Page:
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Consensus is building across the scientific, environmental and public health communities that a radical shift away from excessive meat-eating patterns is urgently needed to tackle the unsustainability of the livestock sector.

Recognizing the scale of the challenge ahead, public policymakers, civil society and innovators have increasingly sought to prompt shifts in consumer food choices, away from the most resource-intensive meat products and towards more sustainable alternatives.

Meat analogues – plant-based ‘meat’ and cultured meat – mark a departure from traditional meat alternatives. Both are intended to be indistinguishable from – and, in the case of cultured meat, biologically equivalent to – animal-derived meat and are marketed principally at meat-eaters.

Innovation and investment in meat analogues have increased significantly, but the direction and pace of growth in the meat analogue industry will depend upon a multitude of factors, including public acceptance, civil society support and incumbent industry responses.

Policymakers in the EU, where many of the frontrunners in plant-based ‘meat’ and culturedmeat innovation are located, will need to respond imminently to new production methods and products. The decisions that they take now – on the regulation, labelling and marketing of meat analogues, for example – will have a significant influence on the industry’s direction and pace of growth.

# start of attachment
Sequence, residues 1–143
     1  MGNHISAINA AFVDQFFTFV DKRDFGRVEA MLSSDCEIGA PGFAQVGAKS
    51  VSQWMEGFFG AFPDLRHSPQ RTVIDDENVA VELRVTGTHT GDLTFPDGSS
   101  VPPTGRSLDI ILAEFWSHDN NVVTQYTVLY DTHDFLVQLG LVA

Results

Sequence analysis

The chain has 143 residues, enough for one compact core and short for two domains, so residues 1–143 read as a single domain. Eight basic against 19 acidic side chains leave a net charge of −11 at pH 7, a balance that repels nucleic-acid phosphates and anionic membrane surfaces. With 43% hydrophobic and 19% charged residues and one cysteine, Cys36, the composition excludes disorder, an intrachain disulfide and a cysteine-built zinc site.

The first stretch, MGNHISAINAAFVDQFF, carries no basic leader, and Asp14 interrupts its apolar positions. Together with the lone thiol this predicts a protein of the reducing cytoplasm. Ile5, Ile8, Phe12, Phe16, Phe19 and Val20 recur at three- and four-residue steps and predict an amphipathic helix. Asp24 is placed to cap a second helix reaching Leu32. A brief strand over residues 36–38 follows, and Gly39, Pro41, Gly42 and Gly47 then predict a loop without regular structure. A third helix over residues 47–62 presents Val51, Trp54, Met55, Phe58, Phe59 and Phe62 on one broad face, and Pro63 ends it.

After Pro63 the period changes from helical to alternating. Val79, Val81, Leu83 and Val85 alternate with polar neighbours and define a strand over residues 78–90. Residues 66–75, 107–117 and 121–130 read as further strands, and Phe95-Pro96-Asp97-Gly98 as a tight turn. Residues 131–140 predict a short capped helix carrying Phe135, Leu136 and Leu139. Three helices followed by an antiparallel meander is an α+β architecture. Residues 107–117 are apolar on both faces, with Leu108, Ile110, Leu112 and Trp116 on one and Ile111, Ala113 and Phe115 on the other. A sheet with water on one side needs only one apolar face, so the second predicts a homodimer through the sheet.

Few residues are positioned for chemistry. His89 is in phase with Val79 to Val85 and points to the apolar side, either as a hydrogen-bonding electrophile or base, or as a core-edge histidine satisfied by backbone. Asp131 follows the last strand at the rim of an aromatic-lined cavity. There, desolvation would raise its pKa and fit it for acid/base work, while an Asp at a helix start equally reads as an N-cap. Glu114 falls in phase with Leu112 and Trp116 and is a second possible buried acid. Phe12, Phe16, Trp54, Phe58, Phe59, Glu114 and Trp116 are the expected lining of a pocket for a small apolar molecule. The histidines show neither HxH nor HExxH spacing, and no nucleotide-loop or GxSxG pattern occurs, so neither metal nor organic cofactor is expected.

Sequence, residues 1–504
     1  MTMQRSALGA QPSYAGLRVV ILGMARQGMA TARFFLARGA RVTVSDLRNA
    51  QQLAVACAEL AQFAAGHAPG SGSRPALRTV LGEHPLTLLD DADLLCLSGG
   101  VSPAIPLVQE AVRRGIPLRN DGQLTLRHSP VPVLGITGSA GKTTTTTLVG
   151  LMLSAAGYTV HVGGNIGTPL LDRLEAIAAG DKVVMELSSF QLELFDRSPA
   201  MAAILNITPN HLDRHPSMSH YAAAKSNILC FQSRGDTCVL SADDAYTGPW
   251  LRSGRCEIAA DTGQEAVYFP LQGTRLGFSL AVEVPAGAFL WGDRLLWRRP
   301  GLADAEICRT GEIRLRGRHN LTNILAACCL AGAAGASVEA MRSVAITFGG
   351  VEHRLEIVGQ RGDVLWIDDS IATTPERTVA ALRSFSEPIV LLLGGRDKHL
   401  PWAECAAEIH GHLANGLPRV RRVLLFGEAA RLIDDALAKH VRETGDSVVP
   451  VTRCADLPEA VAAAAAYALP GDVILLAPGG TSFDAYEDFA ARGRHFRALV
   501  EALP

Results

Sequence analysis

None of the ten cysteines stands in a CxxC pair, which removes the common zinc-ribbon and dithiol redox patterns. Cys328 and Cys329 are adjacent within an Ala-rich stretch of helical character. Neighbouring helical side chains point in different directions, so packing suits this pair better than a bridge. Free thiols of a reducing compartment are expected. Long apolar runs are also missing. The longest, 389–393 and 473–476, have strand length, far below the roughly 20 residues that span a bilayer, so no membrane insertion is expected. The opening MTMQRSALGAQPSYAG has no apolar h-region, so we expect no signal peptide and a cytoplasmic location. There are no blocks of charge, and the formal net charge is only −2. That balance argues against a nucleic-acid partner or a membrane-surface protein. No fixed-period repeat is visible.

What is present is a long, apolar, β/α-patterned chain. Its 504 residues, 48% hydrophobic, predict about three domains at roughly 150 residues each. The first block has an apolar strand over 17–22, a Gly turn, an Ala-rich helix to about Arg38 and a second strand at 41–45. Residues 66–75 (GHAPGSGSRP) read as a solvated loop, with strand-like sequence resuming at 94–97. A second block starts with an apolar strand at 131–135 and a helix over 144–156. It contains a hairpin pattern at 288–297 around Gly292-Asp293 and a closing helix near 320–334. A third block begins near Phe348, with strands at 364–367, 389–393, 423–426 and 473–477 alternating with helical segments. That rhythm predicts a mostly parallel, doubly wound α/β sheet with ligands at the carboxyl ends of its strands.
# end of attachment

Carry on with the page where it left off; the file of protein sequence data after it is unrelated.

Decisions on labelling requirements for meat analogues will be particularly important in determining consumer acceptance of plant-based ‘meat’ and cultured meat as substitutes for animal-derived meat. These decisions will be based not only on technical factors but on political considerations of the future of the meat industry in the EU.

In order to meet its climate change commitments, the EU will need to change European eating patterns, including a reduction in meat consumption. Meat analogues have the potential to contribute to existing EU climate mitigation strategies and EU priority policy initiatives in areas including reduced antibiotic use, improved public health and sustainable resource management. To achieve this, EU policymakers will need to promote a clear, transparent and inclusive regulatory environment and invest public capital in research, development and commercialization.

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